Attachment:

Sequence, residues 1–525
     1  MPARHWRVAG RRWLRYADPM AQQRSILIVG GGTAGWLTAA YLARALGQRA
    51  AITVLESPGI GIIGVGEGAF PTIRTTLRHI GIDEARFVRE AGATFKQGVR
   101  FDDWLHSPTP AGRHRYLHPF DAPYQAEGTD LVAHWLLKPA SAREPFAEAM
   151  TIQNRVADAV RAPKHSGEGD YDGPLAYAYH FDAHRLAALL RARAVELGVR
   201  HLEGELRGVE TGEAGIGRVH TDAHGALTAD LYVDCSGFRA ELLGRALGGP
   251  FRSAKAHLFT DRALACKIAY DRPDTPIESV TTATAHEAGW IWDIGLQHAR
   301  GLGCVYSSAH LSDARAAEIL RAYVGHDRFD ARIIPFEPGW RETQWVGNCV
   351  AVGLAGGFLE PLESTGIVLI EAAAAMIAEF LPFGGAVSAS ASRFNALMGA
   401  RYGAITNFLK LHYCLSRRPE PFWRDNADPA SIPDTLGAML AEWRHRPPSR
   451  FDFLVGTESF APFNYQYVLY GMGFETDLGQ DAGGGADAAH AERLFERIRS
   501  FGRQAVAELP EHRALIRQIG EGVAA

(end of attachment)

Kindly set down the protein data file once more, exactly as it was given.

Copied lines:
Sequence, residues 1–525
     1  MPARHWRVAG RRWLRYADPM AQQRSILIVG GGTAGWLTAA YLARALGQRA
    51  AITVLESPGI GIIGVGEGAF PTIRTTLRHI GIDEARFVRE AGATFKQGVR
   101  FDDWLHSPTP AGRHRYLHPF DAPYQAEGTD LVAHWLLKPA SAREPFAEAM
   151  TIQNRVADAV RAPKHSGEGD YDGPLAYAYH FDAHRLAALL RARAVELGVR
   201  HLEGELRGVE TGEAGIGRVH TDAHGALTAD LYVDCSGFRA ELLGRALGGP
   251  FRSAKAHLFT DRALACKIAY DRPDTPIESV TTATAHEAGW IWDIGLQHAR
   301  GLGCVYSSAH LSDARAAEIL RAYVGHDRFD ARIIPFEPGW RETQWVGNCV
   351  AVGLAGGFLE PLESTGIVLI EAAAAMIAEF LPFGGAVSAS ASRFNALMGA
   401  RYGAITNFLK LHYCLSRRPE PFWRDNADPA SIPDTLGAML AEWRHRPPSR
   451  FDFLVGTESF APFNYQYVLY GMGFETDLGQ DAGGGADAAH AERLFERIRS
   501  FGRQAVAELP EHRALIRQIG EGVAA